Balloon-Assisted Endoscopy: A Powerful Tool for Complete Colonoscopy

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Clin Endosc. 2018;51(1):3-4
Publication date (electronic) : 2018 January 31
doi :
Department of Gastroenterology, Korea University Guro Hospital, Seoul, Korea
Correspondence: Beom Jae Lee Department of Gastroenterology, Korea University Guro Hospital, 148 Gurodong-ro, Guro-gu, Seoul 08308, Korea Tel: +82-2-2626-3004, Fax: +82-2-853-1943, E-mail:
Received 2018 January 16; Revised 2018 January 18; Accepted 2018 January 19.

See “Double-Balloon Endoscopy after Incomplete Colonoscopy and Its Comparison with Computed Tomography Colonography” by Carlijn Hermans, Dennis van der Zee, Lennard Gilissen, on page. [Related article:] 66-71.

Colonoscopy is an essential diagnostic and therapeutic tool for colonic diseases, including adenoma and cancer [1]. Needless to say, cecal intubation rate is the most important quality indicator of colonoscopy examination, and failure of cecum reach is closely related to post colonoscopy colorectal cancer (CRC). The American Society for Gastrointestinal Endoscopy guideline recommends that the target cecal intubation rate in screening colonoscopy is >95% [2]. Various factors have been suggested as affecting the cecal intubation rate. These factors include female sex, old age, obesity, poor bowel preparation, and prior abdominal surgery and diverticular disease [3-5]. How can we overcome colonoscopic failure? Balloon-assisted colonoscopy can be a candidate solution for this problem. The advent of balloon-assisted enteroscopies has led to visualize the deep portion of the small bowel, and various small bowel diseases have been diagnosed and investigated using this technique [6]. Owing to their ability of bowel fixation and shortening of bowel loops with additional balloon and overtube, indications of these techniques were extended to colonoscopy in patients with complicated bowel loops, endoscopic retrograde cholangiopancreatography in patients with altered anatomy, and endoscopic submucosal dissection (ESD) for colorectal lesions that are difficult to be resected en bloc [7,8]. Ohya et al. reported the clinical result of ESD using a balloon-assisted technique for 15 cases of difficult lesions. En bloc resection was successfully performed in 13 cases (86.7%) [9].

In this issue of Clinical Endoscopy, Hermans et al. [10] performed a retrospective evaluation of clinical results of 63 double-balloon colonoscopies (DBcs) after incomplete colonoscopy, based on comparison with the results of computed tomography colonography. The main reasons of colonoscopic failure include dolichocolon (65%) and following looping (21%), combined dolichocolon and looping (8%), and bowel adhesions (6%). They reported a 95% cecal intubation rate, and both diagnostic and therapeutic interventions were performed in 58% of the cases, including 3 cases of carcinoma. These results suggest that DBc is an effective tool for completion of colon inspection in incomplete colonoscopy, including therapeutic interventions. These results are in line with the previous reports that demonstrated the clinical efficacy and usefulness of DBc in incomplete colonoscopy. Becx et al. [11] reported an 88.6% cecal intubation rate in 104 of 114 patients, and endoscopic polypectomy was performed in 51 patients (44.7%). Several studies with a relatively small number of patients reported that cecal intubation rates without serious complications ranged from 90% to 100% and additional therapeutic interventions were performed in 62% of the cases [12,13].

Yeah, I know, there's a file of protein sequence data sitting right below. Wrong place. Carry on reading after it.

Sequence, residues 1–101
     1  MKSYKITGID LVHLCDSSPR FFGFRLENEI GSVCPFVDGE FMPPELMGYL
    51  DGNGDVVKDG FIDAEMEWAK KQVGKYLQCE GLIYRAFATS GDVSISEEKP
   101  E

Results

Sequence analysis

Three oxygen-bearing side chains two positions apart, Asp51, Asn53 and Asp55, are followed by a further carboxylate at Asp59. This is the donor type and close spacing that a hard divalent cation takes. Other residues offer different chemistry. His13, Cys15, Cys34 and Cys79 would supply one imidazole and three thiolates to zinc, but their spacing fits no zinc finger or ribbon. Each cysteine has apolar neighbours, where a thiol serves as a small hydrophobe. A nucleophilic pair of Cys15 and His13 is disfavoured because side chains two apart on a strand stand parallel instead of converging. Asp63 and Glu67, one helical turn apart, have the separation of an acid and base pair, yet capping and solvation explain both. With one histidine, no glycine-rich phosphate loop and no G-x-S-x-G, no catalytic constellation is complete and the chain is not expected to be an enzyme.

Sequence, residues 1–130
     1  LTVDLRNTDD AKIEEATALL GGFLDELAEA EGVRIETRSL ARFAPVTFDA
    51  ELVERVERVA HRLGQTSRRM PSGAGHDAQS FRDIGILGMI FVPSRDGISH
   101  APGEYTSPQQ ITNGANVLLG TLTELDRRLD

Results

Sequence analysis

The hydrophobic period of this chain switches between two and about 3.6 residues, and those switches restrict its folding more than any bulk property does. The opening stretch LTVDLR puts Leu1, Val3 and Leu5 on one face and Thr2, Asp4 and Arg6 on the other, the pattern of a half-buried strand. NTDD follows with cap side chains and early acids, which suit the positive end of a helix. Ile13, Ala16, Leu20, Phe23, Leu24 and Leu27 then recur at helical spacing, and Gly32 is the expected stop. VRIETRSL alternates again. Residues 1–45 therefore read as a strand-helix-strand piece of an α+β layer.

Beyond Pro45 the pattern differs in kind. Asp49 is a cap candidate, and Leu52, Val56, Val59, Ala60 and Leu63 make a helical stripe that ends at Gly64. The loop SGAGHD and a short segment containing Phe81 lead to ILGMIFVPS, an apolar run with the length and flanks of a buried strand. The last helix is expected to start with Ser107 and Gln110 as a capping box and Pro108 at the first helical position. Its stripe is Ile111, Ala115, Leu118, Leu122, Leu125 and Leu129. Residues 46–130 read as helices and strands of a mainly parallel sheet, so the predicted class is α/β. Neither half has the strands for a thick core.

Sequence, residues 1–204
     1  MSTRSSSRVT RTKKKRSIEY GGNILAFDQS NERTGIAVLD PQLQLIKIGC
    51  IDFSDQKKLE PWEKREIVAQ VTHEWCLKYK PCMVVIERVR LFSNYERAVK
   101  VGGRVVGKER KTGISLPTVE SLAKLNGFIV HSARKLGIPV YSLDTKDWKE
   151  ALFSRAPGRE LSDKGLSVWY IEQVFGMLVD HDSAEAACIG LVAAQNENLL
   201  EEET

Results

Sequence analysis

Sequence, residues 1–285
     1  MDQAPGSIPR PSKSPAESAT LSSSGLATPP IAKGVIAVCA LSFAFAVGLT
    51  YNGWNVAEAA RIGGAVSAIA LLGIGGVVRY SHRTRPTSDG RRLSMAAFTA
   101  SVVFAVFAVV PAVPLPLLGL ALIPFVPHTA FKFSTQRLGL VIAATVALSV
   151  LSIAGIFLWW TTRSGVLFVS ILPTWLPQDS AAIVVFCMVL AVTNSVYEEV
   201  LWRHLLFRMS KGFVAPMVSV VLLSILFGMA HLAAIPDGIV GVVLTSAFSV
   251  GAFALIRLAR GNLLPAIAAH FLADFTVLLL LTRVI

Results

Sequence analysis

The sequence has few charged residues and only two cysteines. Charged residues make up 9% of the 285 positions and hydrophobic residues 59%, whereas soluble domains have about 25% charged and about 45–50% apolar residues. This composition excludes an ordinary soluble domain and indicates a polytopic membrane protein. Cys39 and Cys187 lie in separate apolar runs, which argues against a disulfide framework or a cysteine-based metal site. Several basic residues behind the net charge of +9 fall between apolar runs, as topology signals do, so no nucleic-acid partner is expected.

Although the clinical results of DBc in patients with previously failed colonoscopy seem promising, there are some limitations. First, balloon assisted enteroscopy is usually equipped in a tertiary referral hospital. Thus, its accessibility is very low, and its high cost is also problematic. Second, considering the diverse endoscopic skill or experience of the each colonoscopist, it is not clear as to which patients can benefit from or be indicated for DBc.

In summary, this study by Hermans et al. showed the effectiveness and safety of DBc for completion of colonic examination and polypectomy after incomplete colonoscopy [10]. To reduce the developing CRC, qualified colonoscopic examination is essential. Our approach and effort toward qualifying and completeness of colonoscopy should be in part responsible for the reduction of CRC risk. DBc can be a valuable tool to achieve this goal.


Conflicts of Interest:The authors have no financial conflicts of interest.


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